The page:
The Physics of Santa

It’s time to drag out the old physics-of-Christmas essays. In case you missed it in my newsletter, here’s my favorite version about how it’s impossible for Santa to get his job done:

There are about 2 billion children in the world and even at one toy each, we have something like 400,000 tons of sleigh, toys, and a hefty old man traveling at 650 miles per second to get around world in one night.

A simple calculation shows that Santa has 1/1000th of a second to

• pull up on a roof

• hop out

• climb down the chimney

• figure out who’s nice

• distribute the presents

• eat a snack

• say Ho, Ho, Ho

• go back up the chimney

• dust off his suit, and move on.

Not just exhausting, but physically impossible.

Or, he could just hail a cab.

Even though there’s not a lot of sleigh traffic up there, it’s not a feasible trip.

But now, I’m about to offer a rebuttal.

All we have to do is call on worm holes, those tricky features of space-time that allow a shortcut through the universe.

Imagine you’re standing in a long line at the post office. You’re at one end of the room and the clerk is at the other, lots of people-mass in between. Now imagine a piece of paper with a stick figure representing you at one corner, and a figure at the diagonally opposite corner to represent the clerk. Fold the paper so that your stick figure is on top of the clerk’s.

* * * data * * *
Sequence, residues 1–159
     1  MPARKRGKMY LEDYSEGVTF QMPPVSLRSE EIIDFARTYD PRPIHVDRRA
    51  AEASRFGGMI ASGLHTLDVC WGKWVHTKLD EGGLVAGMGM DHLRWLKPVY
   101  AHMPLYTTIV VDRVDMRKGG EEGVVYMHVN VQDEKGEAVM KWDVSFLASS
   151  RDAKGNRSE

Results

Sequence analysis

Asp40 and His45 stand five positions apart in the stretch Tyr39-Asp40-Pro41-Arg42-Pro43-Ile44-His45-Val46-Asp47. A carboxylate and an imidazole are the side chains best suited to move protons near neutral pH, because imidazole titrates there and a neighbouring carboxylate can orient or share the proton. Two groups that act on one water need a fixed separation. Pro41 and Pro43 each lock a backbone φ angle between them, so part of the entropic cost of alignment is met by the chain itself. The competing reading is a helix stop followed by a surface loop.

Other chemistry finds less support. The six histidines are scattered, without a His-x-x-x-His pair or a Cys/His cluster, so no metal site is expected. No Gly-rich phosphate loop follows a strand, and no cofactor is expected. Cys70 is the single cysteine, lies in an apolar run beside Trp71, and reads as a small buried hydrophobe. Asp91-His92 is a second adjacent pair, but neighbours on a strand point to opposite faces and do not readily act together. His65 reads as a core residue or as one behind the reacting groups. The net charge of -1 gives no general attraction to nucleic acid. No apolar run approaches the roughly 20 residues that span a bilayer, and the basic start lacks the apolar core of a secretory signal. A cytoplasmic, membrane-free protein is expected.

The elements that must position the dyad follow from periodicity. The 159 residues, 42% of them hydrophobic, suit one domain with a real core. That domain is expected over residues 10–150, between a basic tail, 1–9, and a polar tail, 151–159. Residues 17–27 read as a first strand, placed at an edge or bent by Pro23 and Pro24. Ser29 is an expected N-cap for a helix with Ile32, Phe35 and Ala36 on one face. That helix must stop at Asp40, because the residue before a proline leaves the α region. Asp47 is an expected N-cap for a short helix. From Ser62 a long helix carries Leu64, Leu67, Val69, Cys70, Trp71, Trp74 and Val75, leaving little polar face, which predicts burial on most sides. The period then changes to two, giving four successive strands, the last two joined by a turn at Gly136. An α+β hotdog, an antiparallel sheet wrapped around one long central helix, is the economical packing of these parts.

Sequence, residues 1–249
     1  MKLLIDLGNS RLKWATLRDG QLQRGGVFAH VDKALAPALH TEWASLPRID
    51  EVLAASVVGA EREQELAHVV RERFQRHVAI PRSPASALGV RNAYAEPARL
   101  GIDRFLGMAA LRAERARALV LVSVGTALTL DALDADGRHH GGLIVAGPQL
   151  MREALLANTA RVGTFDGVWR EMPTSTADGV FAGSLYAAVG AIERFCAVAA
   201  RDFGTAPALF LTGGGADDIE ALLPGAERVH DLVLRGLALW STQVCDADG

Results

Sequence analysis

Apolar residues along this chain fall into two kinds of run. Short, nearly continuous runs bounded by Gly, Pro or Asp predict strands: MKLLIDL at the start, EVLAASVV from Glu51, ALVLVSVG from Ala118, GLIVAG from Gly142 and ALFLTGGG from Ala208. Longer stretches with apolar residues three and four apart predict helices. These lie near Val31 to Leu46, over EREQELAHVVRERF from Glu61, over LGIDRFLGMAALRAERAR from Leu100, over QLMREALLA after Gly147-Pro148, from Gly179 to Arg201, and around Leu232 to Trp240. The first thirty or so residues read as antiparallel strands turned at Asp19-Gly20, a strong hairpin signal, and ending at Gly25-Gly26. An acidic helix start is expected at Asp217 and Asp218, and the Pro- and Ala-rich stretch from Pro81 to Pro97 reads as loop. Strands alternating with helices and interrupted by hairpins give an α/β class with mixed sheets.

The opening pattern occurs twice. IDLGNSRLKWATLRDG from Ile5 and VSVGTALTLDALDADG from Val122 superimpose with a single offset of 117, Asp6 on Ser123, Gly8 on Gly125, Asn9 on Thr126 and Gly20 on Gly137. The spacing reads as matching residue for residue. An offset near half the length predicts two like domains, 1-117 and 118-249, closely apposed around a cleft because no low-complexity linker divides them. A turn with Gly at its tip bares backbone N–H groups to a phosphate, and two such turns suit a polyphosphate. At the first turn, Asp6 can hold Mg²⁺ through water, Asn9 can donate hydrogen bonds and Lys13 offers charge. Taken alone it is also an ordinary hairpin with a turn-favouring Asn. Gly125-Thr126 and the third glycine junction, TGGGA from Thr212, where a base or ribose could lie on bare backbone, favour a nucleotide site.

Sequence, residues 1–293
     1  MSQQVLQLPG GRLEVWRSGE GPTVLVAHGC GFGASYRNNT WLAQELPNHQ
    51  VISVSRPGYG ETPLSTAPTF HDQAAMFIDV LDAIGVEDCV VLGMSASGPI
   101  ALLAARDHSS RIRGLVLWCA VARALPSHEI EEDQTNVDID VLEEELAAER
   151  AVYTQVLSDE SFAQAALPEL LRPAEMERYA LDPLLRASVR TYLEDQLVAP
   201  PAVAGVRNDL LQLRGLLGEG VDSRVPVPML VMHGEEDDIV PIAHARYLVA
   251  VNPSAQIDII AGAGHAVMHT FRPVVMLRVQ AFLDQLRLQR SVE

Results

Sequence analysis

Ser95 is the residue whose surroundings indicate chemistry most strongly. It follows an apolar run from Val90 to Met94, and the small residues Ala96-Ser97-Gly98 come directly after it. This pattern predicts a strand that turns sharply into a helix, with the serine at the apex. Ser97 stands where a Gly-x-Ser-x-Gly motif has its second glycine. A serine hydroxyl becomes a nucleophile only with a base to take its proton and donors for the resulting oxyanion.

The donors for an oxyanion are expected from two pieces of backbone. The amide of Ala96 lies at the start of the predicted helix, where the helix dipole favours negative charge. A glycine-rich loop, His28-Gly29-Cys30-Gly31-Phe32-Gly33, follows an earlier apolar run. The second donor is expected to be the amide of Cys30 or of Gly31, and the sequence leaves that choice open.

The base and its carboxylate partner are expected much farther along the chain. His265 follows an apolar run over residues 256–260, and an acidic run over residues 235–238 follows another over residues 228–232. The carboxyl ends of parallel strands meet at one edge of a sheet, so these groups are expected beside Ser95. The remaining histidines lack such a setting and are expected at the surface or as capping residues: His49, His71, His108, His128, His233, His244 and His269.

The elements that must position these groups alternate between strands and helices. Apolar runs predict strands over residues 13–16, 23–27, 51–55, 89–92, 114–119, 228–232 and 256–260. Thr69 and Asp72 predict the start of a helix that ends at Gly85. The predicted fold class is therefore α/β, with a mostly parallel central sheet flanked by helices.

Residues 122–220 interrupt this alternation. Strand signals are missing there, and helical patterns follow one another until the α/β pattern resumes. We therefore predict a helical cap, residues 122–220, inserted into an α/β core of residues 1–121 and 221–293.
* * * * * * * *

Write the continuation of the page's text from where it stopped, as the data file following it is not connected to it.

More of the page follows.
See? You’ve just taken a shortcut to the head of the line.

That’s what Santa can do. With a little math and a dash of relativity theory we can show that, in fact, with every stop, Santa can come out of the chimney before he gets in!

No problem making all those stops.

So, yes, Virginia, relatively speaking, Santa can do it!

Now if only I could find the right wormhole to get me through Bay Area freeways.


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